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Liberal Democratic Model in the USA - Essay Example

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This paper “Liberal Democratic Model in the USA” will address the concept of liberal democracy in the United States of America. Freedom of speech, elections, and separation of power, are components of democracy, which will be analyzed using the liberal democratic model…
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Liberal Democratic Model in the USA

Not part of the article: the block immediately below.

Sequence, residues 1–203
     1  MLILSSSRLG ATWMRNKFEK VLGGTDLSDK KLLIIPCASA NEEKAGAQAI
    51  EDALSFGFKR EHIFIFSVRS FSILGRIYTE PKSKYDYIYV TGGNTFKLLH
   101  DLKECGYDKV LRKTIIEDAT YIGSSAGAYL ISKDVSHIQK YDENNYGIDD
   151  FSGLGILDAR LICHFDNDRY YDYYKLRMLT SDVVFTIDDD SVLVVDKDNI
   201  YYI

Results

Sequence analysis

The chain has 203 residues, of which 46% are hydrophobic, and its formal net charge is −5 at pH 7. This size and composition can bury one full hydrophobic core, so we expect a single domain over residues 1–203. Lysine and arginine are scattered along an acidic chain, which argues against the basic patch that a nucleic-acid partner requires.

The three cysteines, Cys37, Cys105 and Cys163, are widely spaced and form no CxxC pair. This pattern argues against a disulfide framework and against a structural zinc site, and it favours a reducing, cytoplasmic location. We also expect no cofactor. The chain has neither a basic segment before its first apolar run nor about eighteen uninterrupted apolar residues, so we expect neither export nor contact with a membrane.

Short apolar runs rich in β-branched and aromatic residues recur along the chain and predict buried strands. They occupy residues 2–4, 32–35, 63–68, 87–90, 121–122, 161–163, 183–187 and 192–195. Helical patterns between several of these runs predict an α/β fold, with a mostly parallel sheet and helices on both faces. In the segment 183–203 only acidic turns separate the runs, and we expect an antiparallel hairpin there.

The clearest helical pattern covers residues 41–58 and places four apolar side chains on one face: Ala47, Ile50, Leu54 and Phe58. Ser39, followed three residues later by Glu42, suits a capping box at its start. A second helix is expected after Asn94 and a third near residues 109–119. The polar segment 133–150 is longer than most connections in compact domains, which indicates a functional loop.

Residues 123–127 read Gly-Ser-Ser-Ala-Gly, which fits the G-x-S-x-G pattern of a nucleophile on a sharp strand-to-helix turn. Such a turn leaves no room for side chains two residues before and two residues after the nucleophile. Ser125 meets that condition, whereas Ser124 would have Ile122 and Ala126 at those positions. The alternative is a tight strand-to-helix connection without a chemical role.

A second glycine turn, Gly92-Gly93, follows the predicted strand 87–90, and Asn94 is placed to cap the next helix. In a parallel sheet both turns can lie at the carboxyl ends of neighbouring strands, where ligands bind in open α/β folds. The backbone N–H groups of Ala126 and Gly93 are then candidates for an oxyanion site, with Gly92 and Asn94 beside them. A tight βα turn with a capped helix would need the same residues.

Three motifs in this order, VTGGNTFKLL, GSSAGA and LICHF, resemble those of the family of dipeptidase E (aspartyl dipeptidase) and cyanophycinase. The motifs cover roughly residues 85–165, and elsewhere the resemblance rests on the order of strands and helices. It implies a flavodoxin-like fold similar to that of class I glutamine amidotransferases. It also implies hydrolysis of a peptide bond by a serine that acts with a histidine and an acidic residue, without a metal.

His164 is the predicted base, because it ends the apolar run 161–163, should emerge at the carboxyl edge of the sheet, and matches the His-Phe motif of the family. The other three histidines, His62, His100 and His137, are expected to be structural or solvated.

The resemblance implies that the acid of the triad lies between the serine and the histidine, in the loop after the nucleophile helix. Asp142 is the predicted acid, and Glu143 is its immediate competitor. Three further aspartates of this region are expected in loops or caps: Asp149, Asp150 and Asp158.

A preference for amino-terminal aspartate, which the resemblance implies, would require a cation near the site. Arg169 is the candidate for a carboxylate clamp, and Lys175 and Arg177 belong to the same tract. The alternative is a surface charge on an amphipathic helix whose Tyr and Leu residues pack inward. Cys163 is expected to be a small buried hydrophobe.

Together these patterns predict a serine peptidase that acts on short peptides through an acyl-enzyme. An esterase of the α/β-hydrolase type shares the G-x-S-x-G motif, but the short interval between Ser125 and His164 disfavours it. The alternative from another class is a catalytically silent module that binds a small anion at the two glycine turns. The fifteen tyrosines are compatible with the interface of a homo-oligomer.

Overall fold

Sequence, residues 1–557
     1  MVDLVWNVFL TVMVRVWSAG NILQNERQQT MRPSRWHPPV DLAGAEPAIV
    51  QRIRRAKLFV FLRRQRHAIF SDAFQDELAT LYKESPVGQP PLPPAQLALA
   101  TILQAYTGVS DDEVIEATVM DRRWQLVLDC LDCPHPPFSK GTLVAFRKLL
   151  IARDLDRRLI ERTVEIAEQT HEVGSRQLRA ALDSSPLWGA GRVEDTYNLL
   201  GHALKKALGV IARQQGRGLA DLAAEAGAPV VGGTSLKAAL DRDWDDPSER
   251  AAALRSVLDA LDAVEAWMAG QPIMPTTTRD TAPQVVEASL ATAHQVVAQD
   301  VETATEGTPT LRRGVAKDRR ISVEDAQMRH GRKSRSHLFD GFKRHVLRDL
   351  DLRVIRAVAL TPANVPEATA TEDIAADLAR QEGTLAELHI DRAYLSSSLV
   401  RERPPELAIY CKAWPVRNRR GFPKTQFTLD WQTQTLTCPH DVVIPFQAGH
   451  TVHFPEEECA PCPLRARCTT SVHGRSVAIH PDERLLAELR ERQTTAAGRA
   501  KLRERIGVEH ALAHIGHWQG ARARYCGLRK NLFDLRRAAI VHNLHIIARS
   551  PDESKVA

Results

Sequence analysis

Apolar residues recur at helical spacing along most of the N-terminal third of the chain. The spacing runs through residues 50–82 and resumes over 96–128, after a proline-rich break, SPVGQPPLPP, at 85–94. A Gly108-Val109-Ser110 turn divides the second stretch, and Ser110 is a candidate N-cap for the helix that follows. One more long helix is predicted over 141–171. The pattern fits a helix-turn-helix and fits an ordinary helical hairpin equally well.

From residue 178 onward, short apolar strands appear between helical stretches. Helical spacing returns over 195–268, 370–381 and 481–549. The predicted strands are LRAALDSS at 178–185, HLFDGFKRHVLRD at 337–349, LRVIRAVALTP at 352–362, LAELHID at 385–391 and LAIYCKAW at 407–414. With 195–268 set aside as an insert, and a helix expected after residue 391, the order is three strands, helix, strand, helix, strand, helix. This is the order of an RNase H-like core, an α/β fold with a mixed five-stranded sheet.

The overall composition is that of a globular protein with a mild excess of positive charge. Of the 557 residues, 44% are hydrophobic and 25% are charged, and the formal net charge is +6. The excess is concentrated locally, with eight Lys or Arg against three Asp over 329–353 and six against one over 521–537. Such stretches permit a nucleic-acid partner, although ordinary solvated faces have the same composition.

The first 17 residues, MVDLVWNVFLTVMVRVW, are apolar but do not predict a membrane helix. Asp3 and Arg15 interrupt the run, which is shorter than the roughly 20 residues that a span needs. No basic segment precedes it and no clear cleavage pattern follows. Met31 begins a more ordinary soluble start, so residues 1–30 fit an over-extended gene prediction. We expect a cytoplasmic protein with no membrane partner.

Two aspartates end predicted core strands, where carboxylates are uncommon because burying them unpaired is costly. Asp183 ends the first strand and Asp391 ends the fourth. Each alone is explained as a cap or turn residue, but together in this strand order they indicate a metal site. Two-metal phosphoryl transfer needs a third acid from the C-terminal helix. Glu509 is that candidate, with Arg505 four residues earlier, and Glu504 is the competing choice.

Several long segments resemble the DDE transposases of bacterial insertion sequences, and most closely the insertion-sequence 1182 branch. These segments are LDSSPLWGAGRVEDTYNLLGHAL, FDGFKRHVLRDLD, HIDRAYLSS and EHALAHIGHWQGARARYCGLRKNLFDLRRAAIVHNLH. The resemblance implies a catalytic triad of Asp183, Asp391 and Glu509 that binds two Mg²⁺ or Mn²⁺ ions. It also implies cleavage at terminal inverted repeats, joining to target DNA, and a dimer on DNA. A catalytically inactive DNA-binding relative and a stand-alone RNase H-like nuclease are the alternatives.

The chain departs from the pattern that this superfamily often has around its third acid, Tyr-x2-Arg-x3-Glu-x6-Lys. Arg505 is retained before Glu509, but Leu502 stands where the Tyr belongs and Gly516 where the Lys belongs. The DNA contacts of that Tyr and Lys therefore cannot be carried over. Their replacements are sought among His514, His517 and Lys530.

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Download file to see previous pages Liberal Democratic Model - USA There exist different versions of liberal democracy adopted by countries. Using case study, this paper will address the concept of liberal democracy in the United States of America. Freedom of speech, elections, and separation of power, are components of democracy, which will be analyzed using the liberal democratic model to determine how USA embraces liberal democracy. The concept of democracy dates back to Aristotle’s era. He was the first Greek philosopher to explore this concept. Later, Christian thinkers related democracy with the worship of God, that all human beings are equal before God. The American Revolution was first to introduce components of liberal democracy. Slavery and other discriminatory practices were abandoned, as Americans embraced a more popular rule. This marked a new beginning of liberal democracy in America. Today, liberal democracy is associated with the American political philosophy (Vanberg, 2011). Components of liberal democracy are dynamic. For instance, in the 18th Century, liberalism protected citizens from the government. However, in 20th Century people started to consider governments as source of protection from social crimes. In the USA, the human rights activists rely on government authority to develop programs that enhance human rights. The government is no longer a threat to its citizen’s freedom, but a positive force (Neal, Douglas, Simon, and Joseph, 2012). The liberal democratic model encompasses three views, political pluralism, the elitist theory, and the Marxist view of power. As we shall see, political pluralism is deeply rooted in American politics. Pluralism theory holds that multiple groups, and not few individuals, run a country. These groups are; trade unions, environmental groups, and civil rights bodies, among others, which influence a country’s policymaking process. In pluralism, political power is distributed differently among the groups. For example, the Congress addresses tax issues, the president sends the USA army on missions, the Supreme Court passes the death penalty, and a police officer stops a motorist for over speeding. In the USA, of all the multiple groups, no single elite group dominates. Some of these groups are well funded, organized, and have more influence, while others are not. They also vary in size, are politically autonomous, and exercise their right to participate in the politics. Freedom of speech is an element of democracy, which characterizes a pluralist society. In democratic states, freedom of speech ranks above all liberties. In the US, freedom of speech is provided in the constitution’s First Amendment of the Bills of Rights, and in different state and federal laws. Individuals and organized groups, including the media, are free to air their opinions on political decisions, thus indirectly controlling political leaders. Individuals have the right to gather information and hold meetings. However, in the US, restrictions are put on child pornography, obscenity, and lawless acts, among others. Separation of power is another element of democracy present in a politically pluralist society. In the US, state power is divided into three parts. These are: 1. The legislative power (the Congress) 2. The executive power (the president) 3. The judiciary power (Courts) The US constitution authorizes the legislative to makes law, the executive to enforce law, and the judiciary to interpret law. ...Download file to see next pagesRead More
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